DSAEK and DMEK Corneal Endothelial Transplants

Descemet’s Stripping Automated Endothelial Keratoplasty (DSAEK)
Descemet’s Membrane Endothelial Keratoplasty (DMEK)

DSAEK and DMEK are techniques for partial thickness corneal transplantation that can help many patients who previously required a full thickness corneal transplant. Both the conventional corneal transplant technique and endothelial keratoplasty require use of a donor cornea, but DSAEK and DMEK replace only the diseased posterior portion of the cornea. This procedure, which requires minimal suturing, provides patients with more rapid visual rehabilitation, less discomfort, and a reduced risk of sight-threatening complications.

The cornea is the clear window at the front of the eye that bends and helps focus light onto the back of the eye (the retina). In order for vision to be good, the cornea must be clear. Corneal disease can cause the cornea to become opaque or cloudy, preventing light from passing through clearly.

Disease can occur anywhere on the cornea. DSAEK only treats disease that occurs on the posterior or inside surface of the cornea. Corneal disease can be caused by a wide range of problems that can be present from birth or develop later in life due to heredity. It can be caused by trauma or injury or as a complication from other types of eye surgery. It can also be caused by excessive dryness of the cornea, often due to the eyelids’ not being able to close completely. Ulcers and other infections can erode and even perforate the cornea. Some types of corneal disease can be managed by medical treatments other than a corneal transplant.

The cornea consists of several distinct layers. In the diagram above, from top to bottom, the layers are: the outer surface (epithelium); the middle layer (stroma); and the bottom, or inner layer (Descemet’s membrane). Descemet’s membrane is lined with a separate single layer of cells, called “endothelial” cells.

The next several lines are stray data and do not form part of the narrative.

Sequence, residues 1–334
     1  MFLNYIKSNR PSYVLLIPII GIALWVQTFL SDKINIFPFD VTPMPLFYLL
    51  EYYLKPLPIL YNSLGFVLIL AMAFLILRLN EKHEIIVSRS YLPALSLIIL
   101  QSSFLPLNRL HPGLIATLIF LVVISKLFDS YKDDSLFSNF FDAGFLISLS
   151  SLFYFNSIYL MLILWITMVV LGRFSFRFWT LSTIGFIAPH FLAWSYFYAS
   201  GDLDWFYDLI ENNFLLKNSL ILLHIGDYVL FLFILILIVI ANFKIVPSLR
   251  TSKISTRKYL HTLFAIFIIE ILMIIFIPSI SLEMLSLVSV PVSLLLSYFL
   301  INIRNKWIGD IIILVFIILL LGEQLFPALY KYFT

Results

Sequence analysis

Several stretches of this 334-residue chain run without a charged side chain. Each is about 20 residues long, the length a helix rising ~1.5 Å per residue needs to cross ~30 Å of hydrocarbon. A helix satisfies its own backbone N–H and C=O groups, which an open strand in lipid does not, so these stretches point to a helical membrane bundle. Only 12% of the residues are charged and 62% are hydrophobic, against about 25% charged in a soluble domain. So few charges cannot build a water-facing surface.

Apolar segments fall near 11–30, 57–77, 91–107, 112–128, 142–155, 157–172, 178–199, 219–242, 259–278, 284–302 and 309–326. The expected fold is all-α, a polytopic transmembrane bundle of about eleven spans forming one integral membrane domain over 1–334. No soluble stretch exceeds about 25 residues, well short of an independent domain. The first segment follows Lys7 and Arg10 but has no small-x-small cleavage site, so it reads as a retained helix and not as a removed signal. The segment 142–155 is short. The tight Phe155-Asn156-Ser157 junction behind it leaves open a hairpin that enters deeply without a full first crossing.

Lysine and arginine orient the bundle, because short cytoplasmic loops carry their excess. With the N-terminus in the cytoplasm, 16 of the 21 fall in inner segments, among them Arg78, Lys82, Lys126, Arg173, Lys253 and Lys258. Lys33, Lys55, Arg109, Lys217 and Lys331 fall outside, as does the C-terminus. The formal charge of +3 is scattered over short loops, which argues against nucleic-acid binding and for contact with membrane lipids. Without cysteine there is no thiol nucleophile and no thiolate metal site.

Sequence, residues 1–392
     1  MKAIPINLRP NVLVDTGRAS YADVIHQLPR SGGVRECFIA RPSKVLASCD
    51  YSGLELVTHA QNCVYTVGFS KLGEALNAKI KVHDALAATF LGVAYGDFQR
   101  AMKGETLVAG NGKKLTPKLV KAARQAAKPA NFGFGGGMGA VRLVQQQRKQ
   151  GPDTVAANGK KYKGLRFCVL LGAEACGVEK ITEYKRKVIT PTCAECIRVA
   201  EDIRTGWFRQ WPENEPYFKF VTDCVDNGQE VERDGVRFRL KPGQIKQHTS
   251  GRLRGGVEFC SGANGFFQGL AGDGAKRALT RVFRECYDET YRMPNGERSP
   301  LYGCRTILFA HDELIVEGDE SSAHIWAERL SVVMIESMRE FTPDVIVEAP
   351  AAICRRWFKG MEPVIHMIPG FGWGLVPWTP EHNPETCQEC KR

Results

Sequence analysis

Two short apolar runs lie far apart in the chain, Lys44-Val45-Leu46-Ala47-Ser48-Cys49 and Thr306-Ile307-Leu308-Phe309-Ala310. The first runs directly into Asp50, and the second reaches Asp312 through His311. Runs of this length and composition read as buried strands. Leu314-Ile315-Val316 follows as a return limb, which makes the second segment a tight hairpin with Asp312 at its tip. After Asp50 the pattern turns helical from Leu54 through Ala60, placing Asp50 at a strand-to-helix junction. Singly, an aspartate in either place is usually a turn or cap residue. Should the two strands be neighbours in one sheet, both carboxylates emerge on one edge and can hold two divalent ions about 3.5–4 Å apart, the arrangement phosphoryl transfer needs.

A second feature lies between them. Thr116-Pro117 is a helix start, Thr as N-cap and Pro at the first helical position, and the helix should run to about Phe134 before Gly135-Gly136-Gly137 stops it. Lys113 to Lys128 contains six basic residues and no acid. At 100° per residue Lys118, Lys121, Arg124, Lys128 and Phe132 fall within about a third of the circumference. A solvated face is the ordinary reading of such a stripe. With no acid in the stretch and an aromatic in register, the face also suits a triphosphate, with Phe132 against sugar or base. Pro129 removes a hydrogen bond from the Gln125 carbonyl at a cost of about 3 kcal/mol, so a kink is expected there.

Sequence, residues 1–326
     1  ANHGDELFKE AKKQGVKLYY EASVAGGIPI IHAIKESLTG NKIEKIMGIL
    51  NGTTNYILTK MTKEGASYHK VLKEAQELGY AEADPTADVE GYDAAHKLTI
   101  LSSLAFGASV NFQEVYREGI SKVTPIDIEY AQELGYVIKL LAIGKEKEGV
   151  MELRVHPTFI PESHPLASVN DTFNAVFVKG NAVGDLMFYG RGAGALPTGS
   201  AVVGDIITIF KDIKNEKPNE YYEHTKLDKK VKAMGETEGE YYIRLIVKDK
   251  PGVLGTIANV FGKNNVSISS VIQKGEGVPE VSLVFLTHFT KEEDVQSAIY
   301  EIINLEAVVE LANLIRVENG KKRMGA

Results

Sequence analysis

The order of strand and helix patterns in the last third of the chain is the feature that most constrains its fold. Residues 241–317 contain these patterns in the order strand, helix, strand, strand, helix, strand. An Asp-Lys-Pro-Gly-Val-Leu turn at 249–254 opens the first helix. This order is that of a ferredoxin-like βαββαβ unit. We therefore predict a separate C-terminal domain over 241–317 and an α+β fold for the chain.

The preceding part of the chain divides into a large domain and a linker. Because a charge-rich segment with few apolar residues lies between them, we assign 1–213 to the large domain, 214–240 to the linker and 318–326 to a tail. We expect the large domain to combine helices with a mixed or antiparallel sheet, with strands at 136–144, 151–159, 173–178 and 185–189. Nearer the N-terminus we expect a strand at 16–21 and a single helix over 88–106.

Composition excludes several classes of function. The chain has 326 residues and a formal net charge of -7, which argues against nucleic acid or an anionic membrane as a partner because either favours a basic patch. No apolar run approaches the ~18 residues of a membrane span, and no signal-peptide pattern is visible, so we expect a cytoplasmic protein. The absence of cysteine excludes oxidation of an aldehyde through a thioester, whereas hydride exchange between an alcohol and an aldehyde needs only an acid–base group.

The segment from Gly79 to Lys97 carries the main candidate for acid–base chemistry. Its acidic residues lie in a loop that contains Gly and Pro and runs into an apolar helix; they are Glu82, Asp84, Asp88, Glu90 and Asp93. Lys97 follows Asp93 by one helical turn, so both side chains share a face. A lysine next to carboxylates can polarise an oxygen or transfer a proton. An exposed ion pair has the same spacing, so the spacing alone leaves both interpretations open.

The outside layer of the cornea, called the epithelium, is similar to very sensitive skin. The cells in this layer reproduce, allowing for rapid healing of most superficial injuries, such as abrasions. The bottom, or inner layer of the cornea, called the endothelium, has minimal ability to regenerate or grows new cells. These cells serve to keep the cornea clear by constantly pumping out excess fluid. Cells that are damaged by trauma or degenerative disease cannot be replaced. Remaining cells become larger and more sparse, filling in areas where cells are lost.

When their pumping action is impaired, it allows the cornea to retain too much fluid, resulting in a cloudy cornea (like steam on a window).

With a conventional corneal transplant, the full thickness of the cornea is completely removed, and a whole new, full thickness donor cornea is sutured in place around the entire circumference, attaching the donor cornea to the remaining edge of the original cornea. These sutures can remain in the eye for over a year and often causes the cornea to take on an irregular shape during the healing process that is difficult to correct with glasses or contact lenses. This results in less than optimum vision throughout the healing process. DSAEK and DMEK, on the other hand, involve removing only Descemet’s membrane and the damaged endothelial cells and leaves the outer surface of the cornea with a more regular shape. It may be necessary to remove the outer epithelial cell layer if it has an abnormal contour or if it is cloudy. In this event, a “bandage” contact lens is placed onto the surface for both better comfort and faster healing.